Selling Hope: The Ethics of Lottery Tickets

In early November Kirby and Marie Fontaine, each without the other’s knowledge, bought a Lotto Max ticket. Both in their 30s, two kids at home, living in a mobile home they were down to their last few dollars. She worked in a care home. He had to give up his position in security because of a stroke months before. Money was tight and there wasn’t enough for him to get the rehabilitation he so desperately needed.

Marie beat the odds that day, 1 in 28 million, and won $50 million dollars. In Canada that’s $50 million dollars tax free!

I’m really happy for this couple. By the sounds of it they are friendly, well respected members of their community. People who know them only have kind things to say about them. They’ve had a difficult time of it and this will change their lives. The ethics of spending their last $10 has spread throughout the media.

Who are we to judge how they spend their money? If I had been in the same situation, discouraged and out of money, who’s to say I wouldn’t buy hope with a $5 bill.

Are lotteries marketed to people who don’t have an emergency fund, are low on finances and are bad at math? Is it ethical to sell hope when the odds are 1 in 28 million?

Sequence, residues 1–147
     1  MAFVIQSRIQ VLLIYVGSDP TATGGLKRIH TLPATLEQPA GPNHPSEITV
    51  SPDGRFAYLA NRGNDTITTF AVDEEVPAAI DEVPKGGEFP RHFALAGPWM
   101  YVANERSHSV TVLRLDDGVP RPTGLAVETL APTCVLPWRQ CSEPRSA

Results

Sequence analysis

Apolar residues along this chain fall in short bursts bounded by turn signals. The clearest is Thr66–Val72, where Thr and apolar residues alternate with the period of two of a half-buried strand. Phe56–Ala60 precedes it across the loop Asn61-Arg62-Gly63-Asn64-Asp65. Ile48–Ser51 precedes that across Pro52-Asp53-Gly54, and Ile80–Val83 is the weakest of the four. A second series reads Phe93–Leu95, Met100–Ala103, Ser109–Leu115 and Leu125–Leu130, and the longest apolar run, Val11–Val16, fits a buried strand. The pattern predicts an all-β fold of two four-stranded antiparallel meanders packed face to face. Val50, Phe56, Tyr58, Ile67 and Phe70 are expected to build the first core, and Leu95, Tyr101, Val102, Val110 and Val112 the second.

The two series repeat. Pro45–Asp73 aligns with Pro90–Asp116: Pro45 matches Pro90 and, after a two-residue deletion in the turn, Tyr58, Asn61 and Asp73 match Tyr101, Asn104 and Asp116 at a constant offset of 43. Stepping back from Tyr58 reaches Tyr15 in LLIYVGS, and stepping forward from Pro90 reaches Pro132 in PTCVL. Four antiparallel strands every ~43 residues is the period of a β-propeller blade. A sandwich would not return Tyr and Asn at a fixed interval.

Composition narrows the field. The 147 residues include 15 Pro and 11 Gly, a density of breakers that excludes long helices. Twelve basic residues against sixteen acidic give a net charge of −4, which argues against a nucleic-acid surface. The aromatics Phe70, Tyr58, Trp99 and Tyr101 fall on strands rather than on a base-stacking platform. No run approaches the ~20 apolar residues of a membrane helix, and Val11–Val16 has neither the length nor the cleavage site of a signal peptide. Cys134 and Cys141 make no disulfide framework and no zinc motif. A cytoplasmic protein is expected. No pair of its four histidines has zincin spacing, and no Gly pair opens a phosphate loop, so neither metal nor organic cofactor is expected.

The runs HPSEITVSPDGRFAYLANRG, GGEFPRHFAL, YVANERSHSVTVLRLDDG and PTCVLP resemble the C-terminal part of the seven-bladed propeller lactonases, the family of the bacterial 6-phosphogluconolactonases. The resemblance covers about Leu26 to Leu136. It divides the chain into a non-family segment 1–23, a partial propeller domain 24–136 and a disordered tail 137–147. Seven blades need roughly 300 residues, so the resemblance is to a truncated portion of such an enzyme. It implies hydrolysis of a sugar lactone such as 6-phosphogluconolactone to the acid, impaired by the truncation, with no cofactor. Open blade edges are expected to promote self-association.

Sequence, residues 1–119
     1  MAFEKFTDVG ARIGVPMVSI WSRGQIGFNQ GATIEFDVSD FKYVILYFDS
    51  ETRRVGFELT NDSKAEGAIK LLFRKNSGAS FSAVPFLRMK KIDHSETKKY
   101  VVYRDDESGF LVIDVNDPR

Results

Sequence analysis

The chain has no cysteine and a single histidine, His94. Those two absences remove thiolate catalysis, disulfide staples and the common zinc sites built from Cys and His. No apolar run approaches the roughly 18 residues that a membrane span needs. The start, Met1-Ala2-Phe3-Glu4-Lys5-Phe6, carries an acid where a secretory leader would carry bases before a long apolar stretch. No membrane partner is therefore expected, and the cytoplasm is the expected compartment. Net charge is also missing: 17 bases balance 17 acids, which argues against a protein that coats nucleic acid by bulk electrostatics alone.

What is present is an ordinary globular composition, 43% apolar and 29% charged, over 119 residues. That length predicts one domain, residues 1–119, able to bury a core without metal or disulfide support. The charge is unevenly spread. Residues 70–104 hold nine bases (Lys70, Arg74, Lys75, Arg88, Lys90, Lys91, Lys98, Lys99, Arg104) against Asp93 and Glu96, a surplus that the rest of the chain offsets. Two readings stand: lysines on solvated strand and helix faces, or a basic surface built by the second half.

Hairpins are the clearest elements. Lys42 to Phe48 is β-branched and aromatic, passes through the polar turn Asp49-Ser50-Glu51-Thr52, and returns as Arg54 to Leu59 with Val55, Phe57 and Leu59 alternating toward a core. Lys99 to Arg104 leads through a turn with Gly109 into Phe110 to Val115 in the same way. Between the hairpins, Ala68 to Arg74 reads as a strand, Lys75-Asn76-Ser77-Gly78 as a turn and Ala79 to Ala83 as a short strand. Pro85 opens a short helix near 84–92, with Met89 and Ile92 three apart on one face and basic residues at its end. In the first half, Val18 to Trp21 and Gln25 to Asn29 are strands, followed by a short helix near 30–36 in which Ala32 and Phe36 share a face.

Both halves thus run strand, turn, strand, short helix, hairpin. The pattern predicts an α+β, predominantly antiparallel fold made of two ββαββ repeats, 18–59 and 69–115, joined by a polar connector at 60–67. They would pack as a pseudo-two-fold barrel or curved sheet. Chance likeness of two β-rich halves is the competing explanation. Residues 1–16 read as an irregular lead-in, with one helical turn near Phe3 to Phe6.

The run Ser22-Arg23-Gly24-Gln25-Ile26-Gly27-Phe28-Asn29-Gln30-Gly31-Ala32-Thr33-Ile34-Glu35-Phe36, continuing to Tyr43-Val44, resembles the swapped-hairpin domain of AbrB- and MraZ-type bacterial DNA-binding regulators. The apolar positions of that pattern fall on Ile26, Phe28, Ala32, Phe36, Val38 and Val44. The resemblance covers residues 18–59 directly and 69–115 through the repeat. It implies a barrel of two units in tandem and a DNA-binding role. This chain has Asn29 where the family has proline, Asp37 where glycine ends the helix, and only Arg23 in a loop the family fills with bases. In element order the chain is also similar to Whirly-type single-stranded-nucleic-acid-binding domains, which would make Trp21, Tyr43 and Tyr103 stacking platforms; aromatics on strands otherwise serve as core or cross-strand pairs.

Fifty million dollars is a lot of money and with it comes a lot of responsibility. There is a misguided belief that money will solve all problems. Yes, it can help. It can buy freedom, experiences, medical treatment, houses, cars and lots left over for giving away. It may solve some of their problems but it will also bring with it new issues. Money changes relationships. It’s one thing to have the freedom to give to people and organizations you want to support. It’s another thing altogether to have thousands of people asking for money and having to say no. It may have you wondering who your friends really are.

In truth I wouldn’t want to win 50 million dollars. I’ve heard too many horror stories about how large lottery wins have ruined peoples lives. Just google “lottery regrets” if you haven’t heard some of the worst of it.

In 2004, Suzanne Conrad of Findlay Ohio won one million dollars in a Pillsbury Bake Off. Being a pie person, I knew I had to try this recipe. It’s been a hit in this family ever since only instead of calling it “Oats N’ Honey Granola Pie” (recipe) which sounds, slightly unappetizing, we call it “Million Dollar Pie”. Let me tell you, that is some fine pie! What I like about this particular contest is that in winning, the finalist doesn’t get a million dollars all at once but $50,000 a year over 20 years. Fifty thousand dollars over twenty years can buy a lot of financial margin but it probably won’t change your life.

Don’t get me wrong. I’m not saying I’d rather have $50,000 over 20 years than a million dollars all at once. That wouldn’t make financial sense. Even at ING’s measly 1.05%, a million dollars would still earn over $1000 in interest a month. I just wonder if lotteries paid out over time, preferably with interest, they’d have the potential to enrich lives more than a one time big windfall ever could. It would certainly avoid the bankruptcies within years of winning a lottery. It would also avoid the pitfalls that come along with giving people who are bad a math a huge windfall all at once.